Cubs are big-time underdogs; can that unite and motivate this team?

(Photo by Joe Sargent/Getty Images)
(Photo by Joe Sargent/Getty Images) /

For the first time since 2015, the Chicago Cubs are major underdogs in the Senior Circuit.

Few preseason projections expect this club to even compete for the NL Central crown, let alone another World Series championship. After the offseason Chicago turned in, it’s not all that difficult to see why – especially on the pitching side of the equation.

The biggest loss came in the form of 2020 NL Cy Young runner-up Yu Darvish, who was traded to the Padres along with backup catcher Victor Caratini for a prospect-laden and right-hander Zach Davies. Also departing were veteran southpaw Jon Lester (Nationals), Jose Quintana (Angels) and Tyler Chatwood (Blue Jays).

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On the ‘addition’ side of the equation, you obviously have Davies, who is, admittedly, coming off the best year of his career. But he’s no Darvish. Old friend Jake Arrieta is back in the mix at age 35, looking to shake off the rust and ineffectiveness that plagued his three seasons in Philadelphia. Trevor Williams, longtime Pirate, has carried a 5.60 ERA/5.45 FIP over the last two seasons, but the Cubs are hoping for him to turn the corner in the back of the rotation.

So all-in, you’ve got Kyle Hendricks atop a staff that will showcase Davies, Arrieta, Williams and some combination of Shelby Miller, Adbert Alzolay and Alec Mills. Could this group be solid? Perhaps. Would that be a smart bet to make? Probably not.

The bullpen obviously has its own share of question marks, as well. Can Craig Kimbrel finally turn in a solid season in Chicago? Will Rowan Wick be healthy enough to contribute late in games? Did Jed Hoyer accumulate enough reclamation projects to piece together a workable pen over the course of a162 games? We’ll soon see.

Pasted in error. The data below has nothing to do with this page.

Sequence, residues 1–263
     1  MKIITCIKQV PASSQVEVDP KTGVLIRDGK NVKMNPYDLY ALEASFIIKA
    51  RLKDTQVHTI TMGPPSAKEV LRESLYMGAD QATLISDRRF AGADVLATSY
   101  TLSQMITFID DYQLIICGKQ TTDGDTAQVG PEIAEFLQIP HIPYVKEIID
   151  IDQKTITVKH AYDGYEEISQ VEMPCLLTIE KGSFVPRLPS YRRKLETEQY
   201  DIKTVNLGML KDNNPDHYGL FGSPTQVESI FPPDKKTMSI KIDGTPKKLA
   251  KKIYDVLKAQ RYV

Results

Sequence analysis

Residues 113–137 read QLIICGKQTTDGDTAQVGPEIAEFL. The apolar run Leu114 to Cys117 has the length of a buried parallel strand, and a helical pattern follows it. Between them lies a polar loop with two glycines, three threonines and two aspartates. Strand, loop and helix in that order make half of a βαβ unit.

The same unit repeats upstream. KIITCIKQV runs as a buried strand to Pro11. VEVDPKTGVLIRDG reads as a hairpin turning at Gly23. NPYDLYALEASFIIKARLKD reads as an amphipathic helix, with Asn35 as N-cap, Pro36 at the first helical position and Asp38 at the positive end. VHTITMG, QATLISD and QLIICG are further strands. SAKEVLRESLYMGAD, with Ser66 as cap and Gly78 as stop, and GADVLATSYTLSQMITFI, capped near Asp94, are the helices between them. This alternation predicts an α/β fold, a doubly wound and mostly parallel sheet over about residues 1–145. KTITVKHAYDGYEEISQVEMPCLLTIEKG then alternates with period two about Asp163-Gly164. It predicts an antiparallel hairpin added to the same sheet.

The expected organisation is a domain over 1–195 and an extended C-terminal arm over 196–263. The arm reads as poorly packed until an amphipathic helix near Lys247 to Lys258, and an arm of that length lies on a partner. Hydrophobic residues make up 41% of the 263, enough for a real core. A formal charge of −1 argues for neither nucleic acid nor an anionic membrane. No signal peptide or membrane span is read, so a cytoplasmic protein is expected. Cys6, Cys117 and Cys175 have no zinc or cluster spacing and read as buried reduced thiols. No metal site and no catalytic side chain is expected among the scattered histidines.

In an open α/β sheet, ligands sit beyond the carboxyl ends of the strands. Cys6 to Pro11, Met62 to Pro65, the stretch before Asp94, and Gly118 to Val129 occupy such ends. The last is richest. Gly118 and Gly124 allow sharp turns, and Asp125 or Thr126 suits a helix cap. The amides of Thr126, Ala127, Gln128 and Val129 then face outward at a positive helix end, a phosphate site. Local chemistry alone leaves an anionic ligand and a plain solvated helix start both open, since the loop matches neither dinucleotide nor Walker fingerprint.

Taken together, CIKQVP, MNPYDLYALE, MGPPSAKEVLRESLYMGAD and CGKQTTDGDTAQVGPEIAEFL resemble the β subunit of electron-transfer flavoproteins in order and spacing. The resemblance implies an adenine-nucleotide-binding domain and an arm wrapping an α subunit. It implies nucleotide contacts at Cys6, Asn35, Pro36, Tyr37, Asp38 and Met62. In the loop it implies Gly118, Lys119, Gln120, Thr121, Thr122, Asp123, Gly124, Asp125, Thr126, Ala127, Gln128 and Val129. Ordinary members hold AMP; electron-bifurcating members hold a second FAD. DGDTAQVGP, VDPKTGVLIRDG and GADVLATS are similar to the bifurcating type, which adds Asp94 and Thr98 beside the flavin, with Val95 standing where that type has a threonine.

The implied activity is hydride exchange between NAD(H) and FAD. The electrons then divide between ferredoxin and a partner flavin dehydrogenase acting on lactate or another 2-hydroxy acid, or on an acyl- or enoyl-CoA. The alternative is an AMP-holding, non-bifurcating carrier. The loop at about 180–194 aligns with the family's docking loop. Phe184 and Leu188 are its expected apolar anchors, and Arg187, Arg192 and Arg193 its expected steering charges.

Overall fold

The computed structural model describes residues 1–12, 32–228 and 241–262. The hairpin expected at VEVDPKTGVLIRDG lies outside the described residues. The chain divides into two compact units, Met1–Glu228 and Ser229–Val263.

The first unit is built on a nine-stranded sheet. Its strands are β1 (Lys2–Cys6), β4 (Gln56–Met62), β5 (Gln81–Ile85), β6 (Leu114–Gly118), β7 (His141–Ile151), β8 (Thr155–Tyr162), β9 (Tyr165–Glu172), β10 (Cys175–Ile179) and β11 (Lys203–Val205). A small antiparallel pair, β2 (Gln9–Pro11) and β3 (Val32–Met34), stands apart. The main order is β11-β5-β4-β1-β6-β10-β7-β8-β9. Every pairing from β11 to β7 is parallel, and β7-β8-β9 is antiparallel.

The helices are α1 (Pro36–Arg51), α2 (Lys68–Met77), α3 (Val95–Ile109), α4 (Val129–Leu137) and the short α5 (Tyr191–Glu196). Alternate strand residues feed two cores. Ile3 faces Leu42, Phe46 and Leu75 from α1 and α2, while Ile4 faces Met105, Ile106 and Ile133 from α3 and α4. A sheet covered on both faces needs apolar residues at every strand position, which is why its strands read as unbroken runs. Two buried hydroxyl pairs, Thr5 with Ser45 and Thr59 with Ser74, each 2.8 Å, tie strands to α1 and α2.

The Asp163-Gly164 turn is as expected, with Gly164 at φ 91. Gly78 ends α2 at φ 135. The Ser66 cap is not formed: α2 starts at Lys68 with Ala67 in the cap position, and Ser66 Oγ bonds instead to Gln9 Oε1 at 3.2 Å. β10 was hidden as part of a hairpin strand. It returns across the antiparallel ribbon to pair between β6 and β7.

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Offensively, once again, this lineup is dripping with potential. Kris Bryant is a former National League MVP. Javier Baez is a former MVP runner-up. Anthony Rizzo is about as close to a sure thing offensively as it gets and Willson Contreras profiles as one of the best offensive catchers in baseball today.

Chicago replaced fan favorite Kyle Schwarber in left field with Joc Pederson and will return both Ian Happ and Jason Heyward in the outfield. Heyward is coming off his best offensive season with the Cubs, in which he turned in a 129 OPS+.

At least for Heyward’s part, he doesn’t care that preseason projections have pegged Chicago as a .500 team, more or less.

"“I love that — not being picked to win,” Heyward told on Wednesday. “Preseason numbers and picks and whatnot don’t mean anything.”"

It’s hard to envision the Cubs outperforming the projections by a wide enough margin they put the division in a stranglehold. Why? Even if Bryant, Baez and the core get off to a scorching start, there’s a decent chance Hoyer flips at least one of them at the deadline if they haven’t already agreed to an extension beforehand.

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It’ll be tough to see, but the most likely path in a strong start, at least to me, is trade(s) focused on the future, regardless of what it means to the team’s chances at a ring in 2021.